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Aloni by Deca Architecture, Antiparos Island, Greece

[COMMENDATION AR HOUSE 2010] Deca Architecture’s hidden dwelling is a riposte to the archipelago’s vulgar overdevelopment. Photography by Julia Klimi and Erieta Attali

In yesteryear a postcard proclaiming ‘a summer cruising around the Aegean’ would read as elegant, a little boastful, but certainly a single entendre. And yet today it could seem seamy; especially if postmarked Mykonos, the renowned ‘gay island’, which markets itself on casual carnality.

Mykonos is, however, but one of 220 Greek islands in the Cyclades cluster. While the smallest remain uninhabited, a handful have witnessed tourism disfigure their natural ruggedness into a whitewashed cubist topography.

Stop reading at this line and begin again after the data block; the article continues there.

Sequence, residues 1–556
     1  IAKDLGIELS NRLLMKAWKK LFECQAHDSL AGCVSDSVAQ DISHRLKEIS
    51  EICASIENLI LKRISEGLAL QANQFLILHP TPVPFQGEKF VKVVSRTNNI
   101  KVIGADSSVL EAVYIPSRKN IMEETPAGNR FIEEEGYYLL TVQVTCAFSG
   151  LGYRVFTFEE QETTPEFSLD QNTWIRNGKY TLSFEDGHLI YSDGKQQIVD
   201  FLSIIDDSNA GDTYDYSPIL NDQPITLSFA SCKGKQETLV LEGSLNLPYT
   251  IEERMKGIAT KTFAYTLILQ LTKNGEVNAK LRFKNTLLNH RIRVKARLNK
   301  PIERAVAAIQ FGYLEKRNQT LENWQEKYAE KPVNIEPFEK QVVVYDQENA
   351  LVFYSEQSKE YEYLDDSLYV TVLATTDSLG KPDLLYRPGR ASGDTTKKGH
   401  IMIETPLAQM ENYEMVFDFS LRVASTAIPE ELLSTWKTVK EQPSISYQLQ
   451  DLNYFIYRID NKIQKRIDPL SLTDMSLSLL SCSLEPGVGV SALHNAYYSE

Aloni, a house on the central island of Antiparos, is a riposte to the archipelago’s vulgar overdevelopment. Its architectural expression looks to man’s earlier markings, the dry-stone walling that created a landscape of arable plains. In the saddle of two slopes, Deca Architecture has erected two such stone walls. Set apart in parallel, they create a planted bridge between hills, beneath which is hidden a single-level 240m² dwelling.

This reveals itself through four courtyards that puncture the plateau, allowing a quintet of bedrooms to be arrayed at the corners of a central living/dining room. This social space opens to the west on to a pool, and on the opposite side to the spectacular expansive seascape.

Architect Deca Architecture, Athens, Greece
Structural Engineer KYMA/Manos Kyriazis
Mechanical Engineer TEKEM/George Kavoulakos

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